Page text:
While Rule 11-f is silent as to the parties' recourse in the event of non-compliance, under Rule 14, unless otherwise directed by the judge's individual rules, litigants must brief all discovery disputes by letter (no more than three single-spaced pages), and the court must then schedule a telephonic or in-person conference to address the dispute.[11]

Amended Rule 11-d-Limitations on Depositions-Amendments Adopted October 8, 2015; Effective December 1, 2015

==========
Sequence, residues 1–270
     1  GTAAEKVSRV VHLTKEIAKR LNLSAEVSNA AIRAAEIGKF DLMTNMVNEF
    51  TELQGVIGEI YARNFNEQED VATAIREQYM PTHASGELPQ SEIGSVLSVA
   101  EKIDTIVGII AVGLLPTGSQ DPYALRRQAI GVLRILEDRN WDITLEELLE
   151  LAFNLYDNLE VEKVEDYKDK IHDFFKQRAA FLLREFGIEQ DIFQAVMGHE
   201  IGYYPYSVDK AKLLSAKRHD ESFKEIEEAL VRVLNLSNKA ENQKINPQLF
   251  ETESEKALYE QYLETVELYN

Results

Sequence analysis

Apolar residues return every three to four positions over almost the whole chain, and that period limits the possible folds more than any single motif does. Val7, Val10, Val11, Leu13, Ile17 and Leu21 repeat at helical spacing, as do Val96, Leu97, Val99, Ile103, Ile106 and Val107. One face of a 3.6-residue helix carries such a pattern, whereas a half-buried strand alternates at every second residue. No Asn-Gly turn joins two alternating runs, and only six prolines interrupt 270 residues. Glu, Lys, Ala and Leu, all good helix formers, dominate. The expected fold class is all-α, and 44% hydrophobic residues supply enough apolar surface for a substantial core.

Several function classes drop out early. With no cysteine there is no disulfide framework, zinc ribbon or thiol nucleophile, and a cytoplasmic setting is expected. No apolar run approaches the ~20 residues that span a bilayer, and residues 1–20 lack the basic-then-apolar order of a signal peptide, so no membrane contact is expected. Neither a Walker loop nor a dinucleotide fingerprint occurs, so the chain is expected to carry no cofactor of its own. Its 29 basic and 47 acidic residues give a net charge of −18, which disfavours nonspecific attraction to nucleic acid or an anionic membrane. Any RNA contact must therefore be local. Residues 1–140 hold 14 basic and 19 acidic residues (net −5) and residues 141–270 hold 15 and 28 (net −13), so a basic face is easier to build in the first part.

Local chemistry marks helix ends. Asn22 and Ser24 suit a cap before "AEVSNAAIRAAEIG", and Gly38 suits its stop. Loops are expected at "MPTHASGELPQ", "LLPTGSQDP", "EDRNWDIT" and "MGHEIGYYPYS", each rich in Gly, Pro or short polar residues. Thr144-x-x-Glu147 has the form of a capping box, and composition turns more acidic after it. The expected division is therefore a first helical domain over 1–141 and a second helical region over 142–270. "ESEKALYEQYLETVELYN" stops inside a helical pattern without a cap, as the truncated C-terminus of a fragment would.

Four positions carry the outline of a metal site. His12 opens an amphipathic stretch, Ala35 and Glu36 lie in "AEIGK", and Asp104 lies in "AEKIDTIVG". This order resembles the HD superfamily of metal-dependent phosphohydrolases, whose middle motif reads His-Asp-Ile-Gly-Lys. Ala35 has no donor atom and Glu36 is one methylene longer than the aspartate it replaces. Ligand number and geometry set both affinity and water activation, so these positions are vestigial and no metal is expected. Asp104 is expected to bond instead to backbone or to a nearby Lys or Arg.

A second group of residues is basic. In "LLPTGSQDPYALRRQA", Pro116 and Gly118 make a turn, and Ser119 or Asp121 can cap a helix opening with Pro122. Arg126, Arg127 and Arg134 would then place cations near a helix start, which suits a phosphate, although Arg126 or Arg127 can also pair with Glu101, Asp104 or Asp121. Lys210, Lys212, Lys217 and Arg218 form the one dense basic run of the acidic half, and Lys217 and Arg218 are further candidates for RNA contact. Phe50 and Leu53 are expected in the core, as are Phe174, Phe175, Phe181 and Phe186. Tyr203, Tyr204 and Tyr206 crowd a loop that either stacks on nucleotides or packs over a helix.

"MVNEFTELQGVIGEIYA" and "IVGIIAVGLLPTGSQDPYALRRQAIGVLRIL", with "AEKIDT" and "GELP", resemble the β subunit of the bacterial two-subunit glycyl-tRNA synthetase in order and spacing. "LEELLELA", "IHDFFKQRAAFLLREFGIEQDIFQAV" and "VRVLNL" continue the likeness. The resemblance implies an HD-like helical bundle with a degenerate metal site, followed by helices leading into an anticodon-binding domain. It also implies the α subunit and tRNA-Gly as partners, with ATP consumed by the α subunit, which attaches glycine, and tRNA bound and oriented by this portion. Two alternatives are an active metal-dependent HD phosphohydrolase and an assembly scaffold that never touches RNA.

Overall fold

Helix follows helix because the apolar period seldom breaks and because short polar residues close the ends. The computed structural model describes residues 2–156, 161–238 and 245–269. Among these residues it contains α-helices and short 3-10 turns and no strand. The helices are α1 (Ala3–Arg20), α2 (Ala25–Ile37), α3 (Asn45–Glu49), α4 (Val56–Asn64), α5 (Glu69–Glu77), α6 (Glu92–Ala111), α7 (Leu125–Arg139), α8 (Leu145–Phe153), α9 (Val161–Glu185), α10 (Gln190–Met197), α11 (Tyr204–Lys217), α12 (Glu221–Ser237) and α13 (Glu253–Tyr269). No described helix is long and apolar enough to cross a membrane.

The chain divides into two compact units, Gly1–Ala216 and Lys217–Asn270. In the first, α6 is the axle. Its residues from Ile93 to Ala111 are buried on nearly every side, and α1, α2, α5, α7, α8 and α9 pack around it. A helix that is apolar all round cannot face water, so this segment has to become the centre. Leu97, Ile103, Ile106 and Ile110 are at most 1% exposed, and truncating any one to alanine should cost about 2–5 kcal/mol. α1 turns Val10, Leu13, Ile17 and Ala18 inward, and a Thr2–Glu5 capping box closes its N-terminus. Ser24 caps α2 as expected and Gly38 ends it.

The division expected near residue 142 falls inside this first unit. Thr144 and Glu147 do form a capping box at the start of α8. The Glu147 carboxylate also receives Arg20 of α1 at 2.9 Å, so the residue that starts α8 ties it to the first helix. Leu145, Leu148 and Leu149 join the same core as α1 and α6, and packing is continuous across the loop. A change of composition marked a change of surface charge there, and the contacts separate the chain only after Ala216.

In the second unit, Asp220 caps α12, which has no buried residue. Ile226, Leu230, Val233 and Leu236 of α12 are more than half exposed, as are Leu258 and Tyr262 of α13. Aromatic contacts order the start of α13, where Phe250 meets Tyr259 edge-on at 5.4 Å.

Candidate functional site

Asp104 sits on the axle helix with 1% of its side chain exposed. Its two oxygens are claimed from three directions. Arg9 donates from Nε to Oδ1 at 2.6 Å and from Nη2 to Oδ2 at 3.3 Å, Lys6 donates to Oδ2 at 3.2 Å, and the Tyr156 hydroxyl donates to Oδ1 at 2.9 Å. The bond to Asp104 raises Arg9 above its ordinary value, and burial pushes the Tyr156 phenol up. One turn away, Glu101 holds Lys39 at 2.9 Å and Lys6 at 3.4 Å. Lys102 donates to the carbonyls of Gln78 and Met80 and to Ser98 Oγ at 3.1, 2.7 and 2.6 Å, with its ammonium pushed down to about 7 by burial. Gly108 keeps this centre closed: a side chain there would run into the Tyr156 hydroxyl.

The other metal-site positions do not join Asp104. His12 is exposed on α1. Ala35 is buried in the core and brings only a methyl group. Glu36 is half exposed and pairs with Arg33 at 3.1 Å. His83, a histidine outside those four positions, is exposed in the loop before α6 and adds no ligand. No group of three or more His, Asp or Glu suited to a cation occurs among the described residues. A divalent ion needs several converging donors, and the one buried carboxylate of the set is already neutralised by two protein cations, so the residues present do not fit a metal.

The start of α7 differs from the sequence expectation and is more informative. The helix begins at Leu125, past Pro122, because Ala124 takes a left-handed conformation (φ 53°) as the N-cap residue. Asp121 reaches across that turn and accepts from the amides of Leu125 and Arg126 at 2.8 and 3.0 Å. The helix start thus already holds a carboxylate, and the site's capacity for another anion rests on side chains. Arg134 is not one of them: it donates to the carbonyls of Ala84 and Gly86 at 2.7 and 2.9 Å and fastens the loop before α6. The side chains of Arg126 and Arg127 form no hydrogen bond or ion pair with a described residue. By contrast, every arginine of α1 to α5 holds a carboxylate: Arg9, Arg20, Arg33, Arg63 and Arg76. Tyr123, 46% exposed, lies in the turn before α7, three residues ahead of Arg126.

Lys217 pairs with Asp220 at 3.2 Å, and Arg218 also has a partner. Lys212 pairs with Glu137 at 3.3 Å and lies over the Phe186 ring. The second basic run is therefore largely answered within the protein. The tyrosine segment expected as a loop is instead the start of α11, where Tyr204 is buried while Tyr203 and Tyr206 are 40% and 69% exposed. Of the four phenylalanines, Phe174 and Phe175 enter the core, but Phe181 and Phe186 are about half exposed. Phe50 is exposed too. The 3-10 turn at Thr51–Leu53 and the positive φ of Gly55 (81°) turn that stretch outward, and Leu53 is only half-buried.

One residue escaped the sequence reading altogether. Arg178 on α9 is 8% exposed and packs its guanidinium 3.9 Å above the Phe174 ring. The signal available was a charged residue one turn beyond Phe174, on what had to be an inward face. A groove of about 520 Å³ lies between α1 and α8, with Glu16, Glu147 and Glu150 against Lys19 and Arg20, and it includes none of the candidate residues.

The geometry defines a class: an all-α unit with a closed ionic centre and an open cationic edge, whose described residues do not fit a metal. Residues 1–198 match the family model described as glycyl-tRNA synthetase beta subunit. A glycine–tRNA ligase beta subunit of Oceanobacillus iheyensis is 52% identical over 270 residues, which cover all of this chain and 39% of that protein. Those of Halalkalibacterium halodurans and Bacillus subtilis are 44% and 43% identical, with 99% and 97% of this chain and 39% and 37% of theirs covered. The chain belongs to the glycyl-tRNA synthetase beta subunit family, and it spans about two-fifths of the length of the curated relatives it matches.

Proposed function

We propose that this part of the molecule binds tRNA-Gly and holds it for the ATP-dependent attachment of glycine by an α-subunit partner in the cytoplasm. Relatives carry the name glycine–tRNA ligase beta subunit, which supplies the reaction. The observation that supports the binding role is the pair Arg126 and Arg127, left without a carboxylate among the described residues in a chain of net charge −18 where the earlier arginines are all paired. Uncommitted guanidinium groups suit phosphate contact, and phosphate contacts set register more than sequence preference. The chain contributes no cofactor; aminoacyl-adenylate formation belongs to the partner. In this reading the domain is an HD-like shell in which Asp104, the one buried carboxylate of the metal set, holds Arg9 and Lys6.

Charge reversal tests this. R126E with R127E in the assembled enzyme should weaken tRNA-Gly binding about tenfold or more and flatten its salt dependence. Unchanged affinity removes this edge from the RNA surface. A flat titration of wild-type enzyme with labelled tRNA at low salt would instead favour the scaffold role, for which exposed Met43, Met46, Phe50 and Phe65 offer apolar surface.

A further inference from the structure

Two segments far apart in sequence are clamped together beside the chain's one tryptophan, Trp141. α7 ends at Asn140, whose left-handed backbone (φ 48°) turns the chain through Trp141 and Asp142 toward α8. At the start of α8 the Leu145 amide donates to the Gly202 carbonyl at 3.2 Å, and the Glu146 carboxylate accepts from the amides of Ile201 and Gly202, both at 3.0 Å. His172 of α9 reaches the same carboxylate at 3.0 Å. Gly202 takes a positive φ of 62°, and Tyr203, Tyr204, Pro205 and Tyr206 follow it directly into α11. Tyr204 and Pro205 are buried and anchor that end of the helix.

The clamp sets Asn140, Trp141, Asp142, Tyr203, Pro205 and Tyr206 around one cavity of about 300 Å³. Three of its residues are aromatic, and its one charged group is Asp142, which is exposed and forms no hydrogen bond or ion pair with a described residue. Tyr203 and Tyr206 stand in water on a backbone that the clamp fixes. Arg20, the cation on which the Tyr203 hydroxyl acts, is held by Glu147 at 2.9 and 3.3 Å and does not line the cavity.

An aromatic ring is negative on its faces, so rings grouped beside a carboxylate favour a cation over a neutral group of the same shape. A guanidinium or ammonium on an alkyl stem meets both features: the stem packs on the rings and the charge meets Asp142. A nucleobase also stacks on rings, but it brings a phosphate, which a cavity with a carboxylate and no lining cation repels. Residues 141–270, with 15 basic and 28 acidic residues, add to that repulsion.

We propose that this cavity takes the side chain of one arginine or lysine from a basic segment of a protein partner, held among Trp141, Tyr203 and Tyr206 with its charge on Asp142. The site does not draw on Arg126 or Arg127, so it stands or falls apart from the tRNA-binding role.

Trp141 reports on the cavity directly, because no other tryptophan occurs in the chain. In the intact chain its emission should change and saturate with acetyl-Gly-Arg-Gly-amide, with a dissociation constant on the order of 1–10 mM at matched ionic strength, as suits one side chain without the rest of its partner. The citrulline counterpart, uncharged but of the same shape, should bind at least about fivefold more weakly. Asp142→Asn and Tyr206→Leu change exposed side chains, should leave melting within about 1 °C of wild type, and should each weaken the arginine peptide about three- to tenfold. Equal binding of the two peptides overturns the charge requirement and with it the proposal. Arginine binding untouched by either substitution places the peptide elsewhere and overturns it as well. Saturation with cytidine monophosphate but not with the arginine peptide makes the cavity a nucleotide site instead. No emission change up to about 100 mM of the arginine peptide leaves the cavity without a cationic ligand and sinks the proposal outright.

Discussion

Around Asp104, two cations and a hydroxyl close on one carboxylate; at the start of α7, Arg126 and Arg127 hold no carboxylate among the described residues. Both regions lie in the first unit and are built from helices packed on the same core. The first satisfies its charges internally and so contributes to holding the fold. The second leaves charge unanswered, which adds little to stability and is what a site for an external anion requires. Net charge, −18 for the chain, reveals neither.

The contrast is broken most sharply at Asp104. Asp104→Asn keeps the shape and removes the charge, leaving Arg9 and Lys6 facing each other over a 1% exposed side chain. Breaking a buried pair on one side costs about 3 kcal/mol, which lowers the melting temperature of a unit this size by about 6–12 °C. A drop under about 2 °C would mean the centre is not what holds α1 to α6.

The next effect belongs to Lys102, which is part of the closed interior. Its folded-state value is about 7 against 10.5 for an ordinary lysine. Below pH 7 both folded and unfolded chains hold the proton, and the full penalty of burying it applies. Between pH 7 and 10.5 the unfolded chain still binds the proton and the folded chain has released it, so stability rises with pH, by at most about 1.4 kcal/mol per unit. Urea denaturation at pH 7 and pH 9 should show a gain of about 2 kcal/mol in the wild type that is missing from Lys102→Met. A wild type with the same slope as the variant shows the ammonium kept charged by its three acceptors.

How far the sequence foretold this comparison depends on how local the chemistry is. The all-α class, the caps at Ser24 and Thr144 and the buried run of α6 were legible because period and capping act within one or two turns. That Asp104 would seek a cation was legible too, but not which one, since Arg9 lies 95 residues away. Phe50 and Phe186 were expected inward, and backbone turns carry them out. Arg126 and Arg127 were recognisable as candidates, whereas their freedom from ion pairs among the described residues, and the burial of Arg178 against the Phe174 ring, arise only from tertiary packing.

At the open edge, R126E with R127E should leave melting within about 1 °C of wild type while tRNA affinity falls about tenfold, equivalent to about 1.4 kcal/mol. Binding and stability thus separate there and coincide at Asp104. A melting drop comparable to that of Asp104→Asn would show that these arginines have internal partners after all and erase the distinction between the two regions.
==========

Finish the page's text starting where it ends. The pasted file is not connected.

Together with the introduction of the new rule, existing Rule 11-d was amended to specify that all deponents testifying on behalf of an entity will cumulatively be subject to the presumptive seven-hour deposition limitation.  The amendment adds, however, that the cumulative presumptive durational limit may be enlarged either by agreement of the parties or by the court, upon request, and that such a request "shall be freely granted."  Given this somewhat unusual language that enlargements should be "freely" granted, it remains to be seen how effective this seven-hour limitation will actually prove to be in practice.